POLITICS & GOVERNMENT

Too Much Power in Hands of Party Bosses, Says Codey

In the second part of his sit-down interview with NJToday Managing Editor Mike Schneider, Sen. Richard Codey argues against Gov. Chris Christie’s proposed income tax cut and rails against the influence of party bosses.

Shortly after Christie delivered his budget address, Standard & Poor’s Ratings Services criticized the governor’s budget, finding it to be structurally unbalanced and overly optimistic about revenue projections.

“I can’t remember the last time, if ever, a ratings agency came out after an introduction of a governor’s budget with such harsh, harsh criticism … very unusual,” said Codey.

He says S&P’s analysis should give lawmakers pause about the soundness of Christie’s proposed budget.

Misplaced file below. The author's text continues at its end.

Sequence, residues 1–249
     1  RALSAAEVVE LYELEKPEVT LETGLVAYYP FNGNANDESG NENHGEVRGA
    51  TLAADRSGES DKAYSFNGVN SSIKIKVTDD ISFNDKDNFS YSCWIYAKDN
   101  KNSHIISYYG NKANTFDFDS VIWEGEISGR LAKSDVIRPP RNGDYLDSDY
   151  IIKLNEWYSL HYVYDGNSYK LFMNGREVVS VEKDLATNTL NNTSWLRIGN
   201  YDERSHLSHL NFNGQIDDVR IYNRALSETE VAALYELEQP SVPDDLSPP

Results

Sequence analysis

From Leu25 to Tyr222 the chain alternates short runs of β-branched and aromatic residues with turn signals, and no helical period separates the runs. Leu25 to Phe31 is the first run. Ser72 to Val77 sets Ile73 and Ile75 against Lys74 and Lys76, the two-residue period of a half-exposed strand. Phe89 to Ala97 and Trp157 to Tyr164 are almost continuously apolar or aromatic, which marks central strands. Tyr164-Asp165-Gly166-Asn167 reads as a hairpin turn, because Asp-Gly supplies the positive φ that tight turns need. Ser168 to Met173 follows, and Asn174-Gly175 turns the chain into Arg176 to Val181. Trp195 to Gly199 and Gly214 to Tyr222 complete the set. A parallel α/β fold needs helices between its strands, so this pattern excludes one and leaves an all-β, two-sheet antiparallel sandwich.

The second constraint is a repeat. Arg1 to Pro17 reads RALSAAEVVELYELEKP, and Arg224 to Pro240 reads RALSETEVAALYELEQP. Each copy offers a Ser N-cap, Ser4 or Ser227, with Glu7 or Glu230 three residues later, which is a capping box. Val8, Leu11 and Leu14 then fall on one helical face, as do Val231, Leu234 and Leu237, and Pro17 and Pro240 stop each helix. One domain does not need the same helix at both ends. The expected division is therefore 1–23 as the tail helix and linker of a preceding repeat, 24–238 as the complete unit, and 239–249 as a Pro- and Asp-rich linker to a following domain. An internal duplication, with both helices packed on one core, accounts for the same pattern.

“A ratings agency already before we’ve passed it has really slammed it. So we got to take a step backward and say we got to look at this thing and is it realistic?”

He goes on to say that Christie rules the Republican party with an iron fist and that lawmakers within that party are reluctant to contradict the governor.

“You could call it leadership but I believe dissent in your own party is not necessarily bad.”

When asked if he himself ever felt betrayed by the Democratic party, Codey deflected by saying that it was the party as a whole that was betrayed.

“Not only me but the party itself they betrayed by letting this kind of influence by party bosses dictate so much what goes on in Trenton. That’s very, very sad.”

According to Codey, a handful of individuals in the state are essentially controlling the way government operates through fundraising, blocks of votes, job connections and contracts.

When asked to identify the handful of individuals of influence, Codey said he was “talking about the Norcrosses, the DiVincenzos, maybe Adubato.”

“Those people who are not members of the Legislature should not have undue influence in the Legislature and it shows up in many, many ways that most people cannot pick up,” said Codey.

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Related: Codey Says NYPD Surveillance Exceeded His Limits